"What is it you smell, Jim?" Sandburg's softly asked question brought Simon's attention back to the scene.

Ellison took another deep sniff of the air, blocking out the odour of the decaying body. "It's the clothing. A strong detergent smell that almost overpowers everything else." Standing straight, he looked intently at his guide as if he could find the answer he needed written in Blair's face. "But there's another smell. Damp, musty. Like they've been stored in a basement or cardboard box." Another scent began to tickle his nose. "And something else. I know I've smelled it before but I can't place it. It's not perfume." He shrugged his shoulders. "I don't know."

Sandburg pushed back a damp lock of hair from his forehead as he slowly circled the body. The clothing, the closely cropped hair. Both victims had their hair nearly shaved off. Blair seriously doubted the two women had chosen the same style. "Did she have any identification on her, Captain?" At Banks' shake of the head, he turned to his partner. "There's just something about the way they're dressed. I mean, I know it's deliberate and everything." His hands sliced through the humid air as he spoke, underscoring his frustration. "The way he's laid this all out is really important to him. I just can't see it."

"We'll figure it out, Chief," Ellison promised as he drew a sheet over the woman. "I can't get anything else from the body. Let's concentrate on the rest of the scene." He gave the rookie a light slap on the back and went to the scaffold. The lumber was old and rotting as if it had been salvaged from an abandoned building or woodpile. None of it looked as if it should have been able to hold the woman's weight. He made a mental note to do a search of the area. The nails, in contrast, glinted in the bright sunshine. All but one. "Sandburg?" Ellison gave his partner's sleeve a gentle tug. "Take a look at this."

Blair quickly glanced back at Simon and smiled. Both men were well acquainted with that tone of voice. "What have you got, Jim?" He squinted at the dark area the sentinel was pointing to. "It looks like a stain."

The detective's grin was wide. "Oh, it's a stain all right. A bloodstain." He looked more closely at the beam. "I don't think our killer is much of a carpenter, Sandburg." He walked around to the other side of the wooden post. "He's definitely not too handy with a hammer. We've got a beautiful, bloody thumbprint right here."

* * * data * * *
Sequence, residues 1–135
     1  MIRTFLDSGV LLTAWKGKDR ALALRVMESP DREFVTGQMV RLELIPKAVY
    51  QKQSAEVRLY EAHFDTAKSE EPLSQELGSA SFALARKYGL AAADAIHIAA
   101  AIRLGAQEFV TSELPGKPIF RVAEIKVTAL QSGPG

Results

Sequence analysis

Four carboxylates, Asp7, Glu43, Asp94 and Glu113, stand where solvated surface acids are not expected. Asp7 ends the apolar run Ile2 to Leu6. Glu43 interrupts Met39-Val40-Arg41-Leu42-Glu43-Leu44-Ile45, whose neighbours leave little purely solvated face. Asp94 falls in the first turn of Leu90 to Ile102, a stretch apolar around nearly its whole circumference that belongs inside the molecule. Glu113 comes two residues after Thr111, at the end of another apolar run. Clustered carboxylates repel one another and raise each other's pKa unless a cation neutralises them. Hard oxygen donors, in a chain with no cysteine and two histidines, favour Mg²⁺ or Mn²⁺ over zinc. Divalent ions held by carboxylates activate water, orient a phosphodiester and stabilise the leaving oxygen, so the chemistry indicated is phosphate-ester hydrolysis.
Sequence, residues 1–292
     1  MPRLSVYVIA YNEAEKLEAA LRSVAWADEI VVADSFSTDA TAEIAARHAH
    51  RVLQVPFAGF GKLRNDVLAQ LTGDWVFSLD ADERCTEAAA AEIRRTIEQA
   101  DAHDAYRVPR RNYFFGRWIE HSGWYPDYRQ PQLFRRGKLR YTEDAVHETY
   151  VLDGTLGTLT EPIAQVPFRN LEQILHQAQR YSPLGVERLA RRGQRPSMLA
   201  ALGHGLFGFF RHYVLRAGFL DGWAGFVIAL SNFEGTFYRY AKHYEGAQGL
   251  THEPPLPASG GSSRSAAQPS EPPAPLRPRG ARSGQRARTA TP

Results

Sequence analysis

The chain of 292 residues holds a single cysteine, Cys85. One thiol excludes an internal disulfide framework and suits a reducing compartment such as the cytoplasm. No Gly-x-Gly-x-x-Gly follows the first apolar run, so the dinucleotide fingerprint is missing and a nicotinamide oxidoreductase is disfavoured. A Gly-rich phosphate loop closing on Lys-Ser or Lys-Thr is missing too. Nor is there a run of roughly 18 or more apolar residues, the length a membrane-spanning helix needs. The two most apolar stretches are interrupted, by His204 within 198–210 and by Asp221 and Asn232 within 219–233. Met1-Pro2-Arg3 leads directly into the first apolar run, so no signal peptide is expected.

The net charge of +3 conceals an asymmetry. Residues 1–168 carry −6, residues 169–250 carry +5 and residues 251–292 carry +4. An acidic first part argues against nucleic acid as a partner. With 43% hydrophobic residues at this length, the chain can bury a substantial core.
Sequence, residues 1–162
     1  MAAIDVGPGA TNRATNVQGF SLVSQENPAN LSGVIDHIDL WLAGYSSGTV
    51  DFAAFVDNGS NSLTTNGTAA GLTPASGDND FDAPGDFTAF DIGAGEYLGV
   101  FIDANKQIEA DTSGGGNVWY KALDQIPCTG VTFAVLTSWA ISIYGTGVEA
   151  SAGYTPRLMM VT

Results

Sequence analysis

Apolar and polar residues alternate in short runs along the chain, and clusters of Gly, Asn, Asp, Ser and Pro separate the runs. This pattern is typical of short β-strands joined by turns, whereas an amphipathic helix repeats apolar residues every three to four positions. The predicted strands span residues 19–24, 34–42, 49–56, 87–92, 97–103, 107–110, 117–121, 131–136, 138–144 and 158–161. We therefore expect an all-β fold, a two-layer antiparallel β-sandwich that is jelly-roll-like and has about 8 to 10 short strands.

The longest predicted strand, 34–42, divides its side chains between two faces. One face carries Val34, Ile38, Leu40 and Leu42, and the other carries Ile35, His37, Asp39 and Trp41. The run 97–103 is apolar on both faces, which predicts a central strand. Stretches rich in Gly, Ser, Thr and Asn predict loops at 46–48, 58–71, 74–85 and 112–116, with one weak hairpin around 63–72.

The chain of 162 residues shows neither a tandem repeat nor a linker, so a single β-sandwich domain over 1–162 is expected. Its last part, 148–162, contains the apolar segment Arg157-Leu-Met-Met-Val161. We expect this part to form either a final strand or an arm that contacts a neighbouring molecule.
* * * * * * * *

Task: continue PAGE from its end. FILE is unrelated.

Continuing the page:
"So if this guy's been printed, we've got him." Blair's smile matched his partner's.

"And it was after this that you had the dream?" The detective leaned forward to place the beer bottle on the floor next to his feet. "Was is it something about the murder scene? It was a rough investigation. The heat..." He stopped when he saw his friend's upraised hand and wan expression.

"Thanks, Jim but I don't think we really need to go over that again." Sandburg inspected his palms before continuing. "The dream didn't really have anything to do with the crime scene so I didn't make the connection. It was a really strange dream. I kind of felt like I was standing inside and outside of it. You know?" The sentinel only nodded in reply. "It was dark. Dark all around me. I couldn't see anything, but I knew that I needed to get away from there. Wherever there was. I knew something was going to happen, but I didn't know if it was going to happen to me or to someone else." His brows furrowed as he remembered details of the dream. "Nothing threatening happened. In fact I never saw anything. It was all just feeling. I could feel my heart pounding. I could feel goosebumps starting to raise on my arms. And then it started to get hot. Really hot. I know I wasn't moving, but this wall of heat just kept getting closer and closer, until I couldn't stand it anymore. And that's when I woke up." Sandburg shuddered as the fan's breeze washed over him.

The Sentinel considered what his partner had just told him. "Well, I have to agree with you, Chief. I don't see how the dream has anything to do with the case we're working on. We've got a killer that likes to hang his victims and dress them in some kind of Mennonite costume. There's nothing to do with heat. But you think there's a connection here." Ellison gave his shoulders a shrug. "I know better than to ignore your hunches, Sandburg, so let's hear the rest of it."

"It's like it's all sitting just beyond where I can see it." Blair yanked a handful of hair in frustration. "When we got back to the station and checked those prints I had hoped that it would be the end of it. We would find out who this sick bastard is, go out and arrest him. Isn't that how they do it on all the cop shows on TV?" Sandburg's grin was rueful. He could almost let the horror of the dream fade as he talked with his friend. Heaving a sigh, he moved over to the couch to sit next to him. Resting his head against the back of the sofa, he ran his hands through his hair. It was slowly growing back to a decent length. Decent in his mind at least. Another month or so and he would once again earn Brown's nickname of Hairboy.

"When did you first have the second one?" Ellison gently prodded once again.

Needing to move, Blair went to stand behind the chair. "I kept having that first one until... After we found the third body in the warehouse." Grabbing the back of the chair, he winced. He quickly let go, somehow managing to miss his partner's noticing. "Finding that third woman really got to me. What this guy is doing is so cruel. He may as well be torturing them, making them dress that way and cutting off their hair. They must be so scared. And who knows what they go through before they realize how they're going to die?"

"C'mon, Blair," Jim's voice was soft. "You have to step back from it. You know that."